Life was pretty perfect until one night when I was six months pregnant and he didn’t come home. It’s interesting when a loved one goes missing. People around you are frustrated. They want you to do something. They want you to look, they want to know what happened. But, in my gut, I knew he was gone. This was confirmed when I discovered that he’d cleaned out our bank accounts, taken the car, and $30,000 was missing from the safe at work.
AJ: When I arrived in Australia in 1989, I met my first lesbian partner. I loved her like you love your first, and would do anything she said. She introduced me to the sex industry and I happily followed. I fucked, and she took the money. I started using speed and ecstasy. I became a fantasy mistress who wore leather and latex, and when I dress like this, I always felt like I was in drag. By the time I was in my early 30s, I was hollow and this body had become a carcass that I’d exchanged for money.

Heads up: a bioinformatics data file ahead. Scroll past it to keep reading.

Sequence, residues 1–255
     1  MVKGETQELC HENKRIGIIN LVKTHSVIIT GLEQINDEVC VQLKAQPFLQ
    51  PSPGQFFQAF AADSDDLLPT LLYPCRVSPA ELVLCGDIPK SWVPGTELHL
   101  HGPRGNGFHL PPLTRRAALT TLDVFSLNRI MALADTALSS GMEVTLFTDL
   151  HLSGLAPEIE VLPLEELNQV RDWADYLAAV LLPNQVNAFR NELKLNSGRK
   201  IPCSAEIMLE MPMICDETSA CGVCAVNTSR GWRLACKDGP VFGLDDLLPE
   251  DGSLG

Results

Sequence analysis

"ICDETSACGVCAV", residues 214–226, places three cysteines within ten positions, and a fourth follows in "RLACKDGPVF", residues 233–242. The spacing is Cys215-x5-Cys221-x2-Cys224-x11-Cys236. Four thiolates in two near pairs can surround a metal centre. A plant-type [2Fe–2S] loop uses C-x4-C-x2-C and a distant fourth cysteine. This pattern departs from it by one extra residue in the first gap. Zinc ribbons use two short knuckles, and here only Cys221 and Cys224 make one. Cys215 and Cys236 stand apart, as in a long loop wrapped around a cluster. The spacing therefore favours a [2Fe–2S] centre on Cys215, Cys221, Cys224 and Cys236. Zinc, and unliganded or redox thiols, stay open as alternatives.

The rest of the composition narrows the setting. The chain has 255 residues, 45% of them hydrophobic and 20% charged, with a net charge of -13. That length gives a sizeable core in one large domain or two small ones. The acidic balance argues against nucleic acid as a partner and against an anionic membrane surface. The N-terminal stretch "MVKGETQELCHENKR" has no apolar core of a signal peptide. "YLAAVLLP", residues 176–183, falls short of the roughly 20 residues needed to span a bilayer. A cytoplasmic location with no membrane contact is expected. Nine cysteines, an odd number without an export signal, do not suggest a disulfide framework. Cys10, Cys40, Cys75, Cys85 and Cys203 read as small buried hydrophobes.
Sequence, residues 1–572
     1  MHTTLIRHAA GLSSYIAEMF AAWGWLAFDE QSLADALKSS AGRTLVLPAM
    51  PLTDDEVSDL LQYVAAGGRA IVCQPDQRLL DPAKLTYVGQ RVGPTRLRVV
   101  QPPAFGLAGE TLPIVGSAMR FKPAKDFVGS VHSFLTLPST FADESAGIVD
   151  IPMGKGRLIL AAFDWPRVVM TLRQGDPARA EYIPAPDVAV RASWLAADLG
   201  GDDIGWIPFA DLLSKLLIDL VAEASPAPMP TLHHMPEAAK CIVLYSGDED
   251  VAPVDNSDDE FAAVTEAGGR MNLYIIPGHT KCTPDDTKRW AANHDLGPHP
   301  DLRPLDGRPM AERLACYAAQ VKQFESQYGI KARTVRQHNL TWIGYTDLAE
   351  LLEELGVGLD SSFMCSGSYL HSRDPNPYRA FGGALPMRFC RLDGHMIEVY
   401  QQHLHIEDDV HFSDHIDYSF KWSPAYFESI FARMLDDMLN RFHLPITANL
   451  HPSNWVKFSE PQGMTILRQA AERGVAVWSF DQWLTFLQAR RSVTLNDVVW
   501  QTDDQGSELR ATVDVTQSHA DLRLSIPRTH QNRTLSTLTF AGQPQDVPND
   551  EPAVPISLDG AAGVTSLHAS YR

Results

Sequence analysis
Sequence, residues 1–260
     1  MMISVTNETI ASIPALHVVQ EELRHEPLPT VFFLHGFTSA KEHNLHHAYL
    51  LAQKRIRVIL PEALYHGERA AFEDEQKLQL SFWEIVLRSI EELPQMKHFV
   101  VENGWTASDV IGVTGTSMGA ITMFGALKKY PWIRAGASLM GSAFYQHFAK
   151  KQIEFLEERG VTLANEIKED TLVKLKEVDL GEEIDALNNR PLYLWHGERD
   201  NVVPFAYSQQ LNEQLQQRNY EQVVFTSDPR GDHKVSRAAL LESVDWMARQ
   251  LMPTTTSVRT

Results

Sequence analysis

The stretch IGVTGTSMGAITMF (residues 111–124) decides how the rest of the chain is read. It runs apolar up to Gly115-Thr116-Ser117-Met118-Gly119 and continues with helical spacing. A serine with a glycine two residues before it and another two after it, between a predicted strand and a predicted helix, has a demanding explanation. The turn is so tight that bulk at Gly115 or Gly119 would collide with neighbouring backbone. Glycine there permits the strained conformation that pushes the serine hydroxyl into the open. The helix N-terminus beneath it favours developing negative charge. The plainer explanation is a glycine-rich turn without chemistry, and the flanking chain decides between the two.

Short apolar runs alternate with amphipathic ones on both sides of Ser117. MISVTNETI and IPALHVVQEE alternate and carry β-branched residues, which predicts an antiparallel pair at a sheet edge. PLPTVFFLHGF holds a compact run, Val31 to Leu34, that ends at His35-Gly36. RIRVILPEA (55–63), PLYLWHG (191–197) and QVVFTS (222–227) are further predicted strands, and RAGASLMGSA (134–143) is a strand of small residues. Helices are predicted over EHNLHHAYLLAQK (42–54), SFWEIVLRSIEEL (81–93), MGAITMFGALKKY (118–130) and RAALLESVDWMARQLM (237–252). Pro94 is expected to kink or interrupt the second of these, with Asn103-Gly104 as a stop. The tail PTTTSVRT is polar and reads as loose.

When I met Lisa, I’d already decided to change things and had started studying horticulture and landscape construction at TAFE. I was still hooking for money, and I told her about my lifestyle within the first couple of dates.
LISA: My trust in people was completely exhausted, but I thought if he’s going to be so transparent, knowing this could easily be a deal-breaker for me, well, maybe he was the person that I could trust. We settled into Berowra house, my two-and-a-half-year-old son, AJ’s two dogs and four cats…
..and we became a family. And this became our healing project, which we worked on for the next 10 years. We weren’t the only gays in the village but we were pretty close to it.